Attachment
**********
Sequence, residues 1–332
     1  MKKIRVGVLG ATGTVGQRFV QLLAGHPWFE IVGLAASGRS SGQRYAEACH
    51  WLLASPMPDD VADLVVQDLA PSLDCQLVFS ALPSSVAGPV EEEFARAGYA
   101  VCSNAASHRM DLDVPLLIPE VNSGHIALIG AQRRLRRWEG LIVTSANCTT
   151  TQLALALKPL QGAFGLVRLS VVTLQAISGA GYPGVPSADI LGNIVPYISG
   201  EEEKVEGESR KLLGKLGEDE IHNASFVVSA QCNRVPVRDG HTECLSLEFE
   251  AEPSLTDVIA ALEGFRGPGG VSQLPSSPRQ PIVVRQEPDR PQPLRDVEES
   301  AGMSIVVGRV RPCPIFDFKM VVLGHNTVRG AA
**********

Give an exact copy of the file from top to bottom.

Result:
Sequence, residues 1–332
     1  MKKIRVGVLG ATGTVGQRFV QLLAGHPWFE IVGLAASGRS SGQRYAEACH
    51  WLLASPMPDD VADLVVQDLA PSLDCQLVFS ALPSSVAGPV EEEFARAGYA
   101  VCSNAASHRM DLDVPLLIPE VNSGHIALIG AQRRLRRWEG LIVTSANCTT
   151  TQLALALKPL QGAFGLVRLS VVTLQAISGA GYPGVPSADI LGNIVPYISG
   201  EEEKVEGESR KLLGKLGEDE IHNASFVVSA QCNRVPVRDG HTECLSLEFE
   251  AEPSLTDVIA ALEGFRGPGG VSQLPSSPRQ PIVVRQEPDR PQPLRDVEES
   301  AGMSIVVGRV RPCPIFDFKM VVLGHNTVRG AA